Australian Screen

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Smart’s Labyrinth (1994)

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clip Always the light education content clip 2

This clip chosen to be PG

Clip description

Artist Jeffrey Smart takes the audience on a whimsical visit to an industrial landscape where he set a painting featuring bicycle riders. Smart asks the film’s director where he would put the figure of Smart in the painting. Smart also suggests that music might set the scene.

Teacher’s notes

provided by The Le@rning FederationEducation Services Australia

This clip shows artist Jeffrey Smart describing his approach to painting. It combines shots of the urban landscape that Smart paints with examples of his work. The artist explains that he is inspired by the way light falls on an object, rather than by the object itself, and that he sees and celebrates beauty in urban landscapes. In the final sequence Smart stands next to a car ramp and explains how he might paint it. In a playful reference to Smart’s use of figures in his paintings, Smart himself is placed in a variety of different places in the scene. At Smart’s on-camera suggestion, orchestral music is introduced and images of an orchestra, various shots of the ramp and the finished painting are shown.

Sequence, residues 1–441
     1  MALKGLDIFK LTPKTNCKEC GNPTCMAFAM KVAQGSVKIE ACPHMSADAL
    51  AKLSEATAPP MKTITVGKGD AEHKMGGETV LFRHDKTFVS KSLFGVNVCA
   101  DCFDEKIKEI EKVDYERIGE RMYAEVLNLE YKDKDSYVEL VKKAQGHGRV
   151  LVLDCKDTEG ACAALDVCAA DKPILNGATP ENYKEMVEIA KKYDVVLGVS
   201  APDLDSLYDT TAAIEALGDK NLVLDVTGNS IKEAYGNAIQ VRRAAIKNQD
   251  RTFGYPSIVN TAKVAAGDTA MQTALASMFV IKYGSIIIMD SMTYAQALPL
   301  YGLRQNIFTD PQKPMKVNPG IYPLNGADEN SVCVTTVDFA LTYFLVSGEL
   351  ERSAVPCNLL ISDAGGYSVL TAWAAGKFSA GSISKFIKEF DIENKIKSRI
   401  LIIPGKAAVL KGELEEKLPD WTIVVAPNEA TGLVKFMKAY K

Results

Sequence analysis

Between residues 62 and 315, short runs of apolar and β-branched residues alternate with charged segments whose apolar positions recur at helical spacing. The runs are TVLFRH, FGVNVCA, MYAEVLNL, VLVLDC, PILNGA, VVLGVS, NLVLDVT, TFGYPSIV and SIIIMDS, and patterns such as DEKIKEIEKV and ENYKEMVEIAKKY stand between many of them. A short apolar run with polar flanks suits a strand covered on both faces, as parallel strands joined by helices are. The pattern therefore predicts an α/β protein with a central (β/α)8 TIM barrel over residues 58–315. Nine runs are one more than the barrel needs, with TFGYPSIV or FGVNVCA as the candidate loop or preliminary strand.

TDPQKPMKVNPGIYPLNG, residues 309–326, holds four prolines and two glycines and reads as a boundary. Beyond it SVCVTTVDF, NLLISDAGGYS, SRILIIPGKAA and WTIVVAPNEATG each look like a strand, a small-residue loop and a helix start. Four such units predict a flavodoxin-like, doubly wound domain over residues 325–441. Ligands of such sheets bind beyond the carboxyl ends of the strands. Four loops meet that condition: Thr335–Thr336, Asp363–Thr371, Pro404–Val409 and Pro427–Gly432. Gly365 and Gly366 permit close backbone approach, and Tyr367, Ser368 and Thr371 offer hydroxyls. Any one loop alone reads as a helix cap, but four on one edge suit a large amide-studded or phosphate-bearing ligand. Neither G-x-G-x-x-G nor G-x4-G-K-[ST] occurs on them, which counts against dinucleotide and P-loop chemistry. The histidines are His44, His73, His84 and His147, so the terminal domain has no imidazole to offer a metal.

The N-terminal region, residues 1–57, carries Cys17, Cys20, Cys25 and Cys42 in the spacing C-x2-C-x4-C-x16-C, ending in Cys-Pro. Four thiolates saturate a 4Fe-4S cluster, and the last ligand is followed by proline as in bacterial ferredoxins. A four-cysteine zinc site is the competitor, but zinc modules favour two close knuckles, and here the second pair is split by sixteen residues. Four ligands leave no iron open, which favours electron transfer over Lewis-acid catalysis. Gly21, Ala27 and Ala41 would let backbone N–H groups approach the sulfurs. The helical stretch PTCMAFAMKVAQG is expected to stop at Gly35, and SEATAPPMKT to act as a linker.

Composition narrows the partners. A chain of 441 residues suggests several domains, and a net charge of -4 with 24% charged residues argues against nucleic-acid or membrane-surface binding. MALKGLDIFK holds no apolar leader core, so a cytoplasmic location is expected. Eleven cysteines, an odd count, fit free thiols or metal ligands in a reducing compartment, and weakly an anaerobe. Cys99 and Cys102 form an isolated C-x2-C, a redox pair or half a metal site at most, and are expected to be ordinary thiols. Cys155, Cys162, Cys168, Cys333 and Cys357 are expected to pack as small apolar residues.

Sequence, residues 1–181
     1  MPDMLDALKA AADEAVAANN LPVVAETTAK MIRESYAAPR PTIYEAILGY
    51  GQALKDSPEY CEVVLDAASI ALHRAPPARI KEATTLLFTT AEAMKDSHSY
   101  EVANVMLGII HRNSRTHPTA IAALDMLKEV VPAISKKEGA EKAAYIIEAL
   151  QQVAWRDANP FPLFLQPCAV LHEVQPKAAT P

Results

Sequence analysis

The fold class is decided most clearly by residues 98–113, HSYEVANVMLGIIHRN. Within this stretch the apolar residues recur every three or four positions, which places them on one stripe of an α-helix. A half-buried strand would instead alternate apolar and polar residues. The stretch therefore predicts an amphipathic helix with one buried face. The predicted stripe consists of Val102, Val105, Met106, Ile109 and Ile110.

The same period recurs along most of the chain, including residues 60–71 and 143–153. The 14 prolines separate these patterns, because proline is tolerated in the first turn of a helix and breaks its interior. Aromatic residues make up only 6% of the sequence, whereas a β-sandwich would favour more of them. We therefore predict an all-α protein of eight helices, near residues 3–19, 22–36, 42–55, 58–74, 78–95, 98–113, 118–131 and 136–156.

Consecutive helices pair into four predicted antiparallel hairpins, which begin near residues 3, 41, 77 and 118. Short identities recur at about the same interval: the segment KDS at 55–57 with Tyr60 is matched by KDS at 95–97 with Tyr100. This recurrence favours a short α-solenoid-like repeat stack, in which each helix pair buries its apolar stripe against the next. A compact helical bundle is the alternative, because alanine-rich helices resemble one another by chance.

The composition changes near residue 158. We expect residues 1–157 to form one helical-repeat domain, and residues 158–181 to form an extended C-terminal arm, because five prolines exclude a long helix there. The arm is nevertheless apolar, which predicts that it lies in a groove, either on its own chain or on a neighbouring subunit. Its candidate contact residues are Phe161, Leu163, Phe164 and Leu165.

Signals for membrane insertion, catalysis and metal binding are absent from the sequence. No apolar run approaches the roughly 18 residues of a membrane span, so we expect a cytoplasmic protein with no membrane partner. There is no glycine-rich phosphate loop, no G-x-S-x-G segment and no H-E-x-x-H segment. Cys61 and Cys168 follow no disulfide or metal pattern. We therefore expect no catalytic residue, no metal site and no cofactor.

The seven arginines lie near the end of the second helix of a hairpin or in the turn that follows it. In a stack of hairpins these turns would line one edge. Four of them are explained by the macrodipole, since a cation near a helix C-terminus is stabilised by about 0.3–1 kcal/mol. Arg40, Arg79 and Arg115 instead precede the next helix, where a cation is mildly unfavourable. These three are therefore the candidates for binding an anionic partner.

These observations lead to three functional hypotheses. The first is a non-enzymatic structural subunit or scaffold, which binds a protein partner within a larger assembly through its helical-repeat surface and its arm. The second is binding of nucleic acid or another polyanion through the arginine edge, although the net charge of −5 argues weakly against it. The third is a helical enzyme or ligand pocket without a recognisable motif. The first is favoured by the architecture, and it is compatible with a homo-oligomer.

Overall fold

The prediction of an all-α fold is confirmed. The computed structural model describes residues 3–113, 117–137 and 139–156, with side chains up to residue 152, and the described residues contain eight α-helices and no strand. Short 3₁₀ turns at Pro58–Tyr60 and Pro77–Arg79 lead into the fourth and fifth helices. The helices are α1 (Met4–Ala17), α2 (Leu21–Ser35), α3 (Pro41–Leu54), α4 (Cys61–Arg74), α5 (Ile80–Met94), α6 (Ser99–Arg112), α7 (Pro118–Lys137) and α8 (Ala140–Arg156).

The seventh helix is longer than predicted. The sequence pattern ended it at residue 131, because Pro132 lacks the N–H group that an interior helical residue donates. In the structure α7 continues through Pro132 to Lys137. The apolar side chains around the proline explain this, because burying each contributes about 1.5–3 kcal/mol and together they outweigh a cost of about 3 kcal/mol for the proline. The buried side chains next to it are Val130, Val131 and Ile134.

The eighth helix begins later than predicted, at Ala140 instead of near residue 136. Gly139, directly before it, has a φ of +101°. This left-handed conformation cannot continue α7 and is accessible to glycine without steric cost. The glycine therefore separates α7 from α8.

Educational value points

  • The clip shows Australian painter Jeffrey Smart (1921–), whose work is represented in the major art galleries in Australia and in international collections. After attending the South Australian School of Art and Crafts and Adelaide Teacher’s College, Smart worked as an art teacher. In 1949 he studied for 6 months with renowned French painter Fernand Léger in Paris. He began exhibiting regularly in 1957, and in 1963 moved to Italy to paint full-time. The Art Gallery of New South Wales held a major retrospective of Smart’s work in 1999–2000.